The City of Dreaming Books

The City of Dreaming Books

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The search for the author s identity takes Yarnspinner to Bookholm the so-called City of Dreaming Books. On entering its streets, our hero feels as if he has opened the door of a gigantic second-hand bookshop. His nostrils are assailed by clouds of book dust, the stimulating scent of ancient leather, and the tang of printer s ink. Soon, though, Yarnspinner falls into the clutches of the city's evil genius, Pfistomel Smyke, who treacherously maroons him in the labyrinthine catacombs underneath the city, where reading books can be genuinely dangerous. In The City of Dreaming Books, Walter Moers transports us to a magical world where reading is a remarkable adventure. Only those intrepid souls who are prepared to join Yarnspinner on his perilous journey should read this book. We wish the rest of you a long, safe, unutterably dull and boring life!"

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  • Paperback | 455 pages
  • 152.4 x 226.06 x 33.02mm | 589.67g
  • Overlook Press
  • New YorkUnited States
  • English
  • Reprint
  • black & white illustrations
  • 1590201116
  • 9781590201114
  • 72,982

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Customer reviews

Creating a setting as fantastical as Zamonia is a hard enough achievement on its own. Making it so coherent and believable that several standalone novels are set in this world, with outstanding success, would be almost impossible for many. Walter Moers' distinct quirky style is not omitted in 'The City of Dreaming Books' as it tells of the young Lindworm (dinosaur) Optimus Yarnspinner and his quest to find the author of a mysterious manuscript. Set in city devoted to literature, TCDB paints a picture of any bookworm's dream. Quaint little caf�© corner shops advertising obscure items such as bee-bread, but described as tantalizing, TCDB embodies the ideologies of reading and writing. Despite containing cartoons and creative manipulations of the pages (which enhances the overall reading, as the book itself conveys creative innovations rather than just the content) TCDB is by no means childish. Not only does it employ sophisticated language, but has an intriguing storyline that may be hard for the younger ages to follow. While I recommend reading 'The 13 and �½ Lives of Captain Bluebear' to gain an understanding of the world that is Zamonia, Moers leads his readers through the story providing the fillings for the gaps in the knowledge. I highly recommend this book for anyone who enjoys an adventure full of surprises, constantly leaving you questioning 'just what will Moers think of next?' It is a dynamic story that may at times be a little over-zealous when it comes to descriptions, however it amends this by describing the scene in such a delightful way that even the most tedious of paragraphs leave you wanting to read more. Definitely my favourite book, and author, and if you give it the time of day it will undoubtedly open your eyes to the bounties of the more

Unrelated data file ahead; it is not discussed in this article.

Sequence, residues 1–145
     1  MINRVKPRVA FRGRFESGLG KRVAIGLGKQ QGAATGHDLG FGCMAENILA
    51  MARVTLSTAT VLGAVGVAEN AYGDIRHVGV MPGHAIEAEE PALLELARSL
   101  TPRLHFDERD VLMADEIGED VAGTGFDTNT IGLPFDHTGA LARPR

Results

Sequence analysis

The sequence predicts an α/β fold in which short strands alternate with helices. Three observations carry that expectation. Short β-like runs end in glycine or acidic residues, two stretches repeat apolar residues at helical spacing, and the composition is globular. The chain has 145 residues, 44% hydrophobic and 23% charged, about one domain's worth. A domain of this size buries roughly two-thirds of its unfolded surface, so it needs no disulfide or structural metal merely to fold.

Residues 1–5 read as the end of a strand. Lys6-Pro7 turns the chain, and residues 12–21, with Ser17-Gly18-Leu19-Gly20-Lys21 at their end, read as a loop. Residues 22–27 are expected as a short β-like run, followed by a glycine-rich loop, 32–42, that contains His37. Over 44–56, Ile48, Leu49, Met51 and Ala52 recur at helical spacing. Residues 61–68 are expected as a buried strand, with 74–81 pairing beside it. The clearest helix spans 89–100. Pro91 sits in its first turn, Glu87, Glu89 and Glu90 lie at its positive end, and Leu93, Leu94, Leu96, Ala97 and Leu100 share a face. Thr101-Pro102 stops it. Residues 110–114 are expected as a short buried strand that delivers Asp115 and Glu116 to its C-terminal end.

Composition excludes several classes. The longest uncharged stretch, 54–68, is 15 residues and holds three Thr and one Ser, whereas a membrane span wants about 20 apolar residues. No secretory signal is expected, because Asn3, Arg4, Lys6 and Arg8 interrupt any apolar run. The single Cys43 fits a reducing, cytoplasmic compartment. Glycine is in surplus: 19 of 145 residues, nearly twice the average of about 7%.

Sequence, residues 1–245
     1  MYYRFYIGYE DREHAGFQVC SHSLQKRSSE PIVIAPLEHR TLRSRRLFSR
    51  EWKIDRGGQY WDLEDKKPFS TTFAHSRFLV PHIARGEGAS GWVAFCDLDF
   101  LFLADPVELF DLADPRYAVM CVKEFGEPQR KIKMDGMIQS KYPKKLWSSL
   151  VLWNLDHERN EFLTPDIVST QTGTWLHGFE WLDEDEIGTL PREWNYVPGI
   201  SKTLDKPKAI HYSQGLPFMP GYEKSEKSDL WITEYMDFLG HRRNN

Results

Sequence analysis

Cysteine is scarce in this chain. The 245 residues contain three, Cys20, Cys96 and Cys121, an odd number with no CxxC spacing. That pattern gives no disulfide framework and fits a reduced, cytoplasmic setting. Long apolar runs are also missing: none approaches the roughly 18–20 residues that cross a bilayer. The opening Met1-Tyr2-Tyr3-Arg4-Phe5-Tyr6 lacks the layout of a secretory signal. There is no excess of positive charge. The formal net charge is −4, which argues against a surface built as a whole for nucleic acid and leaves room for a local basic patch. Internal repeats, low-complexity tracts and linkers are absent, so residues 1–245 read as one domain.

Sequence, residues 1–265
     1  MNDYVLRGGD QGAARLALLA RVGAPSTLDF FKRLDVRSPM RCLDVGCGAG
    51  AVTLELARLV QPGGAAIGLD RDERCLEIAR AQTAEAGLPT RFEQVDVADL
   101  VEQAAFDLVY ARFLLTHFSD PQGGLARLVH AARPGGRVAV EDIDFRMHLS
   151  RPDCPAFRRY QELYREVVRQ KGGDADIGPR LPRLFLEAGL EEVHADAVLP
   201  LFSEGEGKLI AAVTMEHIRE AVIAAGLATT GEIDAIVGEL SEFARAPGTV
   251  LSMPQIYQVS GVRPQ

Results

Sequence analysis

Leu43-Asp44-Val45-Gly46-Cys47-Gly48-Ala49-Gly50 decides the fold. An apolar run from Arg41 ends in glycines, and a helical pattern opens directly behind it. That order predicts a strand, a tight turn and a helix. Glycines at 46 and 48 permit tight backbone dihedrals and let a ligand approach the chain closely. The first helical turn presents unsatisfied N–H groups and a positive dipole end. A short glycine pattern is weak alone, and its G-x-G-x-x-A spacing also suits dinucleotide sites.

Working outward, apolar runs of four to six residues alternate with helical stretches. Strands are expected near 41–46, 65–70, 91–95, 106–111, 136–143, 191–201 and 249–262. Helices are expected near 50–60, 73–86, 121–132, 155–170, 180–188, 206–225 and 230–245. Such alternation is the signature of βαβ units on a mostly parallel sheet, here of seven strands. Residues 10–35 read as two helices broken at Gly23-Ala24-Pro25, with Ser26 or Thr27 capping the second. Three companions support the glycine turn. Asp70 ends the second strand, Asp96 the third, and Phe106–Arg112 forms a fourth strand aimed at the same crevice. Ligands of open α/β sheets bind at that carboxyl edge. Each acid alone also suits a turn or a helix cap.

by Danielle
If you love books, this is your book. but only if you have guts, only if you really love them and know that book can be dangerous. Indeed here you find out that books can kill and that reading is really risky business. but it's worth it! I can't stop wondering how crazy and imaginative Moers is; and his drawings are perfect for his books. Wander with Hildegunst von Mythenmetz beneath Bookholm; risk your life more than once, meet the most improbable ...people...? and never ever ever stop loving books, altough they are the first cause of all your troubles; because books can get you killed - or kill you directly if the are of that mind - but they can change you and your life, make you better. and when you finish this book, you only want to start it again. Just do it, it will surprise you in many different ways, each time you read it (I am at my fourth....)show more
by Elisa